On October 24, AAUW will release its latest report, Graduating to a Pay Gap, which looks at the wage gap between women and men who are working full time one year out of college. A 2007 AAUW report found that one year after college graduation, women on average already earned just 80 percent of what their male colleagues earned. While the gender pay gap certainly diminished since the 1970s, progress has stagnated in the last decade.    

Women of the 70s began breaking through barriers in their professional lives, but despite that, they are still graduating to a pay gap and facing sexism in the workplace. If you received a fellowship or grant from AAUW in the 1970s, we want to hear your story! E-mail us at fellowships@aauw.org.

This post was written by AAUW Fellowships and Grants Intern Emily McGranachan.

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On October 24, AAUW will release a new report, Graduating to a Pay Gap. The following is the third installment of Gap and Gown, a new blog series inspired by the forthcoming research.

AAUW has been at the forefront of advocacy for fair pay for women for more than 100 years.

In 1894, the Association of Collegiate Alumnae, the precursor to AAUW, partnered with the Massachusetts Bureau of Statistics of Labor to examine the pay of college-educated women by collecting employment and salary information from ACA members. The bureau analyzed the data, and ACA published the results in the 1896 report Compensation in Certain Occupations of Women Who Have Received College or Other Special Training.

The report is fascinating. It is the testimony of the women themselves that proves most interesting. These rare, first-person accounts of women’s work experiences at that time are not often found in archival collections — or anywhere, for that matter.

Here are a few quotes from the report. As you read them, remember that they were written in 1894!

The woman in industry who finds herself employed in the occupations which are open to men and who frequently performs identical work for a salary or for wages much below those paid her co-workers of the opposite sex is naturally apt to inquire what reason, economic or other, justifies this inequality.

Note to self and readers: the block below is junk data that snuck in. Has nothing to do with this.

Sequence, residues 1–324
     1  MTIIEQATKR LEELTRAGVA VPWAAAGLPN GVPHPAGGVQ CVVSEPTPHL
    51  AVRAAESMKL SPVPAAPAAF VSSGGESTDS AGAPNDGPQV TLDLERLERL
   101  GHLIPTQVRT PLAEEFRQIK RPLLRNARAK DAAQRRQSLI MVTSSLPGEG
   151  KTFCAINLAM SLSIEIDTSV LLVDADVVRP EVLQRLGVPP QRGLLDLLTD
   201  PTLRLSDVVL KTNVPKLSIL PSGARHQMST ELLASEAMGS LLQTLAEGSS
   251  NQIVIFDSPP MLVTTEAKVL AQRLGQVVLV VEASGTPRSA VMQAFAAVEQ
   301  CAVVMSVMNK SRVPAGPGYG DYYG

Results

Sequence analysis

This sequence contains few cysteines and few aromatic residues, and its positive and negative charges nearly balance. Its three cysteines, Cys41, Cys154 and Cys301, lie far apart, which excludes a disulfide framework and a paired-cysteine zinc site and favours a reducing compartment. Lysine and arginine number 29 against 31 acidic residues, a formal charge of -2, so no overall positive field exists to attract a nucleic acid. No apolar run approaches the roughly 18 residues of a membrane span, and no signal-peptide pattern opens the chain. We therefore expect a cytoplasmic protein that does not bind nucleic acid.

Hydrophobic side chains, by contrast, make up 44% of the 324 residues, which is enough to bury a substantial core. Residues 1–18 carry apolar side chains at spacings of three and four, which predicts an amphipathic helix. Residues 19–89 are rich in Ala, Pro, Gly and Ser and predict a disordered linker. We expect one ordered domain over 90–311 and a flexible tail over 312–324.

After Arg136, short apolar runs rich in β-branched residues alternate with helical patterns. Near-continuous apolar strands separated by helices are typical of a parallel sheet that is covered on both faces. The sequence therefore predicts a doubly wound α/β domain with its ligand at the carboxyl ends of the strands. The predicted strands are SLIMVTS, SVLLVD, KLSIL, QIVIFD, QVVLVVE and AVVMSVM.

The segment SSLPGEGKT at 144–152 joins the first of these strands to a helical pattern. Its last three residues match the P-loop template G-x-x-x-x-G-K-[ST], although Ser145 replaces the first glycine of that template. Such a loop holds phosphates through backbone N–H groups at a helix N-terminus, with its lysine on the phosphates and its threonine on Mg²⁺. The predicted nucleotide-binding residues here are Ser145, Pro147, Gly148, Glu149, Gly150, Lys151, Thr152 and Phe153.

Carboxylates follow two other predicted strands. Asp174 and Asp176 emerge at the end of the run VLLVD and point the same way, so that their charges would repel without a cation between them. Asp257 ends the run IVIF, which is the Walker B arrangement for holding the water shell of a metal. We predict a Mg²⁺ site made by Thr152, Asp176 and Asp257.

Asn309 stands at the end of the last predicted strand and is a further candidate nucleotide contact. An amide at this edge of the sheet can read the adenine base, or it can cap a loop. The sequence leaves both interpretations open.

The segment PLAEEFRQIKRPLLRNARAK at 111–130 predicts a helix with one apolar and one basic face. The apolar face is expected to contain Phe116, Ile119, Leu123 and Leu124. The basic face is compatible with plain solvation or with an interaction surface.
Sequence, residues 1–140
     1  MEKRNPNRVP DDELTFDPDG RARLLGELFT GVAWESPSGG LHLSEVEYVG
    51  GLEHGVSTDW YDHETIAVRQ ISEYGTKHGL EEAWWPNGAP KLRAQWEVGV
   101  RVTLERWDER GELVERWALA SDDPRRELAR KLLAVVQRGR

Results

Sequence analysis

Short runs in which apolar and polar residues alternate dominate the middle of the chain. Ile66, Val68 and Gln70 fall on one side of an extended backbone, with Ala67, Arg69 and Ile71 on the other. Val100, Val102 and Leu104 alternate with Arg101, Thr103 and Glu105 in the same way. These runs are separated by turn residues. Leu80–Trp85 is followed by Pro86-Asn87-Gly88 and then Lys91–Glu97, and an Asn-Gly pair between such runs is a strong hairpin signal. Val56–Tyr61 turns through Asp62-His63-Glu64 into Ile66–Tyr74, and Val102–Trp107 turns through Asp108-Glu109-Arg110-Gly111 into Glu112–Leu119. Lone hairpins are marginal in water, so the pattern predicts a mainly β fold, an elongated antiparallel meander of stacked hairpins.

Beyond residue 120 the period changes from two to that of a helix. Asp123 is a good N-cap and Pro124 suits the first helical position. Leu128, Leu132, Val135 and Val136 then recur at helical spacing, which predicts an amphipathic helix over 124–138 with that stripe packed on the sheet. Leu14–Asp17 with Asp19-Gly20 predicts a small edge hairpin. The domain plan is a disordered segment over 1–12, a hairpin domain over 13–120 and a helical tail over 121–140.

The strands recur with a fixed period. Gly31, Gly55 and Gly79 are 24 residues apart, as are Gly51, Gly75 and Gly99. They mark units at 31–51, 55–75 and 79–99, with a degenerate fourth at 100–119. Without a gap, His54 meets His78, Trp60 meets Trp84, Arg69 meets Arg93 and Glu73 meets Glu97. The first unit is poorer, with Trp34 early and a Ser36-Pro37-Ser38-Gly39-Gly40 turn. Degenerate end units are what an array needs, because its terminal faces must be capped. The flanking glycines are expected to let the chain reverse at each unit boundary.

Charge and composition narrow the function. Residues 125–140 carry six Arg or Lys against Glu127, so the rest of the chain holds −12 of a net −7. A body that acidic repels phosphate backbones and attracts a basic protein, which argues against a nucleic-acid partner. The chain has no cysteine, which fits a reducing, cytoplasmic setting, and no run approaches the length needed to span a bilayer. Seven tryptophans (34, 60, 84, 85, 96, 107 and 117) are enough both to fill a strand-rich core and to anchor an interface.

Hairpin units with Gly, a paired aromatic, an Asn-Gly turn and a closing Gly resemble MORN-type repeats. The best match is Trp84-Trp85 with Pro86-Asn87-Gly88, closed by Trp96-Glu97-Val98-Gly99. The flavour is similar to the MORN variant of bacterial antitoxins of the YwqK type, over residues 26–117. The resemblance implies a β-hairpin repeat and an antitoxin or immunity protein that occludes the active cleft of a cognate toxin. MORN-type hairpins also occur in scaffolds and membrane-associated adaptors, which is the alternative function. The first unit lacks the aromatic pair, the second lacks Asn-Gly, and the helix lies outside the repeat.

Men oftener than women have to support others. In spite of this, I cannot see why a man should be paid $200 more than I am paid to do the same work when he does it no better.

I know that my work here is appreciated and is paid because of its worth. I think many women are helping to keep down the rate of women’s wages by consenting to work for less compensation than would be given to a man for the same grade.

When I was doing office work, I received $6 a week and kept the books and was a typewriter, too. If a man had been employed for this work, his pay would have been $15 a week, and he would not have been required to perform the general office work. He would have been a professional bookkeeper, however, which I was not.

Women are fearful of asserting their inherent rights, standing as they now do on the verge of freedom. The time, however, is not far off when women will have a voice in making just laws for themselves and others, and this will no doubt have an effect in securing equal remuneration for equal services to both sexes.

Today we call “equal remuneration for equal service” by its simpler title: equal pay for equal work. On October 24, AAUW will release its latest equal pay report, Graduating to a Pay Gap, which builds on the shoulders of these women who worked on the issue more than a century ago.